This was a fascinating book, full of thing I love, like tales of art and of the inner workings of my favorite museum. But it felt like it should have been at leas half again as long. Several of the stories – and there were more than six, as described in the title, and they weren’t all of thefts – felt unfinished. What happened to the Banksy? (All the Banksys, really.) Why did that truck crash? Did the author ever try to locate and interview any of the culprits he talks about, to gain more information and insight – as he did when preparing his doctorate?
Another thing that bothered me – no, two – were – first, the fact that, especially toward the end, every time the author spoke in high praise of someone, I knew that one of the next paragraphs would describe their death. He really did seem to interact with a lot of people just a little time before their deaths. I can’t blame him for name-dropping – it would be absurd to not tell those stories – but the overall effect was a bit ghoulish. Or indicative that he brought bad luck.
The second thing was an overriding sense, almost a smugness, of “If I had been in charge things would have gone better.” September 11 might not have involved so much loss of life – or might have been prevented, I daresay, if Mr. Barelli had had charge of airport security. Princess Diana might not have died if he’d been in charge of her security. I’m not saying that’s not true – some of the smugness seems to have been well-earned. He seems to have been excellent at his job. I just don’t think it’s too helpful to indulge in this kind of Monday morning quarterbacking, and it’s certainly not enjoyable to listen to. Nor is it what I signed up for in a book subtitled “A History of Art and Crime in Six Thefts”.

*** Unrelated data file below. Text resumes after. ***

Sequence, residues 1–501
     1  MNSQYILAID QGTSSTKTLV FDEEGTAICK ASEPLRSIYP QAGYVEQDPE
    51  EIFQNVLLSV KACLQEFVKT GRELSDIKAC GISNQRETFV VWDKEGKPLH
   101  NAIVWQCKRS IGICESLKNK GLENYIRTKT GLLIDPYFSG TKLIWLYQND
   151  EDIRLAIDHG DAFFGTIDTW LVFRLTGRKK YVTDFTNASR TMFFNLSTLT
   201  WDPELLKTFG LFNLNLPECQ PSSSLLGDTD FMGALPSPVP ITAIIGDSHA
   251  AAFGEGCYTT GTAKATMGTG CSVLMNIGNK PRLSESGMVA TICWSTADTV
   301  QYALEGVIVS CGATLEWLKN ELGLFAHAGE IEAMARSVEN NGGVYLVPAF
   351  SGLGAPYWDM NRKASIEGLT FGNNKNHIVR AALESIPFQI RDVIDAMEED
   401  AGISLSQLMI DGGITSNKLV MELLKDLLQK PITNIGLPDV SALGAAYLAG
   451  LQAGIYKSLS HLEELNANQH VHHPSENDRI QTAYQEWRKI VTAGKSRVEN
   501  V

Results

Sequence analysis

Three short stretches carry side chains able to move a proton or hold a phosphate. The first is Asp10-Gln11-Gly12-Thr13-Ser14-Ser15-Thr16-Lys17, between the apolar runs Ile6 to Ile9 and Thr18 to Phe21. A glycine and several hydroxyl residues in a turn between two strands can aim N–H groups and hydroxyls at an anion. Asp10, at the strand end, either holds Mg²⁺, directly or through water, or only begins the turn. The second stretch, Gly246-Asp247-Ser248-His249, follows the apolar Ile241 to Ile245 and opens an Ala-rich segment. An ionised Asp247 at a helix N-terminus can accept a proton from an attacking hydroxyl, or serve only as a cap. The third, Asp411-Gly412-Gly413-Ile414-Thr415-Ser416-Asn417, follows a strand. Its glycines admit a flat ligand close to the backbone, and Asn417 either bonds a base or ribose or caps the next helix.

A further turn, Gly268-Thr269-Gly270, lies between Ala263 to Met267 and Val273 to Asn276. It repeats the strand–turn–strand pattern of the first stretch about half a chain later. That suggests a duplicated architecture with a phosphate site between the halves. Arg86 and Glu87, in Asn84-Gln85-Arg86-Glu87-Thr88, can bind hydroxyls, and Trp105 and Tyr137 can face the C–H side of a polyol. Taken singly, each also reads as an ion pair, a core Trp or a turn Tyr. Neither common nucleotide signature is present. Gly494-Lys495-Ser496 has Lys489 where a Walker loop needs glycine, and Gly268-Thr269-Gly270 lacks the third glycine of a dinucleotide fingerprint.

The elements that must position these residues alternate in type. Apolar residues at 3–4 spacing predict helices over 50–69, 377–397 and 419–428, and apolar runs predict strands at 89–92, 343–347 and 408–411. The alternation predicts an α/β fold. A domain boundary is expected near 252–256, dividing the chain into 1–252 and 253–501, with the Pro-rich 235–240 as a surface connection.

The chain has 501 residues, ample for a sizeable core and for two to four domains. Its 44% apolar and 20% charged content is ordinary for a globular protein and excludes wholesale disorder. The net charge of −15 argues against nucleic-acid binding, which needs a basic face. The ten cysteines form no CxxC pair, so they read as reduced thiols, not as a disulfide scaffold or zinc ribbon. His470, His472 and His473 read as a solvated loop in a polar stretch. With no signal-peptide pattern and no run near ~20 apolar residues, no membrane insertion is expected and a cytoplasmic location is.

On the whole, I was glad of the book. I love the Met; I love New York. I love a behind-the-scenes look at the former – even when I come away a little depressed that record-keeping used to be so nonexistent they could mislay a couple of Degas sculptures as easily as I misplace my keys. The narration was inflectionless, which was perfect for telling this story. I want more.